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Obama pushes back on Romney over changing Washington

September 21, 2012|By Kathleen Hennessey
(AP Photo/Carolyn Kaster )

WOODBRIDGE, Va. -- President Obama hit back at his GOP rival on Friday in a punchy speech that mocked his GOP opponent's claim that he's more likely to deliver change to Washington.

Former Massachusetts Gov. Mitt Romney had pounced on the president for saying he had learned in his term in the White House that Washington can’t be changed from the inside. Only advocacy and engagement from ordinary Americans can force change, Obama told an interviewer on Thursday. 

Romney said the president was throwing “in the white flag of surrender again.”

But on Friday, Obama had prepared a comeback:

“He stood up at a rally, proudly declared, ‘I’ll get the job done from the inside.’” Obama said of Romney. “What kind of inside job is he talking about? Is it the job of rubber stamping the top-down, you’re-on-your-own agenda of this Republican Congress? ‘cause if it is, we don’t want it."

Obama, who is enjoying a surge in the polls in battleground states, made the remark in a speech full of pointed digs at his wounded opponent.

Obama wasted little time pouncing on Romney’s damaging assessment of the 47% of households who don't pay federal income taxes.  In secretly recorded remarks made public this week, Romney described that group as people who see themselves as victims and don’t take responsibility for their lives.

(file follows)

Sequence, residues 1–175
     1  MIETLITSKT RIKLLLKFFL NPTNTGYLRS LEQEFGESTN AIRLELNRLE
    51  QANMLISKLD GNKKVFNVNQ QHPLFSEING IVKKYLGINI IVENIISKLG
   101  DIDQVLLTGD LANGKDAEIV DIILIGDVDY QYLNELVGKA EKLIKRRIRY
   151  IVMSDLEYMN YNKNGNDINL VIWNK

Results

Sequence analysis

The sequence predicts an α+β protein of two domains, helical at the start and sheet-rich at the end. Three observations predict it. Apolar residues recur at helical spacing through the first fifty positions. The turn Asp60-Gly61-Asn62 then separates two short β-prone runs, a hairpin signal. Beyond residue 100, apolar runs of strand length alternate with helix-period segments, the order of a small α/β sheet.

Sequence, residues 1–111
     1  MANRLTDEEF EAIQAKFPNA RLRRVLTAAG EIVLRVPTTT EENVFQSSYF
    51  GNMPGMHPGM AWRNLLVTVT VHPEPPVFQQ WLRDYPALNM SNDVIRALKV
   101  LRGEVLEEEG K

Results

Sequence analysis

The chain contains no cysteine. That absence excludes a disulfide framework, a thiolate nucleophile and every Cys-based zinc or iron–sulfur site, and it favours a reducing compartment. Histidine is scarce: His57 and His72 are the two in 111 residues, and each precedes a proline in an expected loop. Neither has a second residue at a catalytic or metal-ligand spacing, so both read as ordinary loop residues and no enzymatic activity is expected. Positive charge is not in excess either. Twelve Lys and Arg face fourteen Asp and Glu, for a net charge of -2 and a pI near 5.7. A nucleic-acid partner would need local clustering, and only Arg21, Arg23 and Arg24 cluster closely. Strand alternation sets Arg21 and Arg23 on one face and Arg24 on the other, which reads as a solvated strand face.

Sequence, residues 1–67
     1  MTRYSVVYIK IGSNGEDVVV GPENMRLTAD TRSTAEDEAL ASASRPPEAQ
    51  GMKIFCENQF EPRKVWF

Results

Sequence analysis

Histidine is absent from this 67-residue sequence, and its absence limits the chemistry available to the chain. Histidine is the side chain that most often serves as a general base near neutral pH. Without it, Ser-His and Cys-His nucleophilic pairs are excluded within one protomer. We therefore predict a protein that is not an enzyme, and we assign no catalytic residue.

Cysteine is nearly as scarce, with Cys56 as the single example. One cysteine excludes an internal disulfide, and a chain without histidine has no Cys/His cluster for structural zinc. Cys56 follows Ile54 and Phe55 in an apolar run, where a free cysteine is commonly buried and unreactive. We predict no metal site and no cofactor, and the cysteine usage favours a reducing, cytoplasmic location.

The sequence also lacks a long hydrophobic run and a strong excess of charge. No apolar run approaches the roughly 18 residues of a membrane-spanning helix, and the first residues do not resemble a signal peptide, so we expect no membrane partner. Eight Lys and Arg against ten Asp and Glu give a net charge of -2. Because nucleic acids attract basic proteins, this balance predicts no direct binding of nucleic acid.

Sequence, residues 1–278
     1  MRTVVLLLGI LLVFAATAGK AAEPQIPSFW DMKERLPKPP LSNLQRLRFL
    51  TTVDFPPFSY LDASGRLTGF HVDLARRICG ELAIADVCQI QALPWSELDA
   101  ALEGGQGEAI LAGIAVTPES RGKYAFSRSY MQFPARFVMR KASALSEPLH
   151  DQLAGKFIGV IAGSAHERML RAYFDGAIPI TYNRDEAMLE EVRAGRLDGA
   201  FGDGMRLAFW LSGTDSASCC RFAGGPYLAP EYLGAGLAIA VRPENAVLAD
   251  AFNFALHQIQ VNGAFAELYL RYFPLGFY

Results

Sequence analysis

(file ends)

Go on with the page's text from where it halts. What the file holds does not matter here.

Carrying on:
“I don’t see a lot of victims in this crowd today,” Obama said, as he greeted the estimated at 12,000 people gathered in a minor league ballpark, home of the Potomac Nationals.

As the fallout from the comment unfolded earlier this week, the Obama campaign watched gleefully but at some distance, letting surrogates and web videos kick the Republican nominee while he was down.  But as the president set out on a campaign swing, he did not resist getting in his licks.

“I see hard-working Virginians,” he said.

Obama also folded the Romney fumble into his larger theme -- that Romney is out of touch with the middle class and out of the mainstrean in his views on government. On Friday, Obama aimed for high-flying rhetoric on that theme, casting Republicans, though not Romney directly, as divisive and bigoted.

Government isn’t the solution to all our problems, but it isn’t the source, either, Obama said, reviving a line from his convention acceptance speech in Charlotte.

“We don’t think anybody is the source of all our problems. Not welfare recipients, not corporations, not unions, not immigrants, not gays. Not all the other groups that we’re told to blame for our troubles,” Obama said, expanding on the theme. “Because we believe that here in America we’re all in it together. We believe that America only works when we accept responsibility for ourselves but also certain responsibility for each other and for our country.”

kathleen.hennessey@latimes.com

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